For the survivors, the above acquittals serve as a loud reminder of the ineffectiveness of systemic procedures in providing justice against oppression from the dominant castes. The cinematograph of bloodbath created by the Sena, serves as a huge deterrent against any demand for enforcement of rights. With these massacres, the Sena has successfully shown to the Dalits peasants, the probable consequence of their activism and awakening.
In a state comprising of 16 % of Dalit population and 17% EBCs, the promises in exchange for dalit votes even today are limited to announcements of welfare schemes and incentives for their ‘upliftment’. A right based approach for empowering these marginalized sections does not even surface in mainstream political discussions, party agendas and election manifestos.
Massacres like the ones carried out by Sena and similar upper caste militia have occurred in the state from the early 70s. Perpetrators of these massacres have obtained patronage from different political parties at different times. State collusion with perpetrators of dalit massacres has remained an open truth, which no political party in power has either questioned or denied this involvement. The Amir Das Commission set which was set up to examine the political connections of Sena listed various names of politicians providing support to the Sena. The links that this Commission investigated cut across party lines, and included patronage networks deep within the BJP, the RJD, JD(U) and the Congress. Infact what needs to be understood is that most mainstream political parties act together as a political class providing patronage to the dominant castes.
Whilst parties in the likes of the CPI-ML have been consistently working towards providing support to victims of massacres on a case to case basis, their ability to bring any justice or create systems for ensuring a deterrent against future attacks remains very low due their limited political outreach.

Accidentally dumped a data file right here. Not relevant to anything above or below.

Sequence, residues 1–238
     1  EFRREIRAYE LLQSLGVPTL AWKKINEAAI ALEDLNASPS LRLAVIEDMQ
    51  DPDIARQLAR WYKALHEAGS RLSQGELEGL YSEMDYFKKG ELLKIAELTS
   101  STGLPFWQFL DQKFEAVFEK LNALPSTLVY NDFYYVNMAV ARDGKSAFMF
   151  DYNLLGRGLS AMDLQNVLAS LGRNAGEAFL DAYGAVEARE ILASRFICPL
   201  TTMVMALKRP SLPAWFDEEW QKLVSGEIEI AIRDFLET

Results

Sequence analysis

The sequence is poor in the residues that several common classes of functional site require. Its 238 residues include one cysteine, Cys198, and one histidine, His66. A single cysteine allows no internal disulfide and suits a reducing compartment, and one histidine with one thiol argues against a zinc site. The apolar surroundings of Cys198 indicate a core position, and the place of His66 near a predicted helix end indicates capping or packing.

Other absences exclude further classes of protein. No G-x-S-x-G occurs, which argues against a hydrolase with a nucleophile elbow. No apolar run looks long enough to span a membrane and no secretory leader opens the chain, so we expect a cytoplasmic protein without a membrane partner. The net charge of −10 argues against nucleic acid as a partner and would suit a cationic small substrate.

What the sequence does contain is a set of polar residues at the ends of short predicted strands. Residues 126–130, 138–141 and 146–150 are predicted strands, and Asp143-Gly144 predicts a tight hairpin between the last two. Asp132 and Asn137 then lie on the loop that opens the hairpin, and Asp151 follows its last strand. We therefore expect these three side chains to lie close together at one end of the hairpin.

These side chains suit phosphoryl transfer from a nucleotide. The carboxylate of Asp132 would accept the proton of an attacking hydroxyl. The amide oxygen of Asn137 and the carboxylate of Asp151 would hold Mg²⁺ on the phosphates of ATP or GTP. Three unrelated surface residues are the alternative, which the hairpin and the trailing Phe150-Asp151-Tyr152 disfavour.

Given the said background, it would infact be desirable that the revelations by Cobrapost live up to the allegations of being ‘politically motivated’. That some political party wakes up with the conscience to address the injustices which have gone unaddressed. And that the debate around the political and economic identity of dalits in Bihar finally gains some momentum even if it is at the cost of allowing the opportunist ambitions of a given party.
Medha is a Program Officer in Access to Justice Program at TISS, Mumbai. Amongst others, she is interested in research, intervention and advocacy around issues of access to justice in criminal matters, cases of targeted violence (communal and caste, and human right issues in corporate and commercial transactions. Prior to working in the social sector, she has experience of working as a Corporate and M&A lawyer in Mumbai.
 Mr. Bijendra Thakur, who was visiting his friend and had decided to stay back was killed despite being an outsider in the village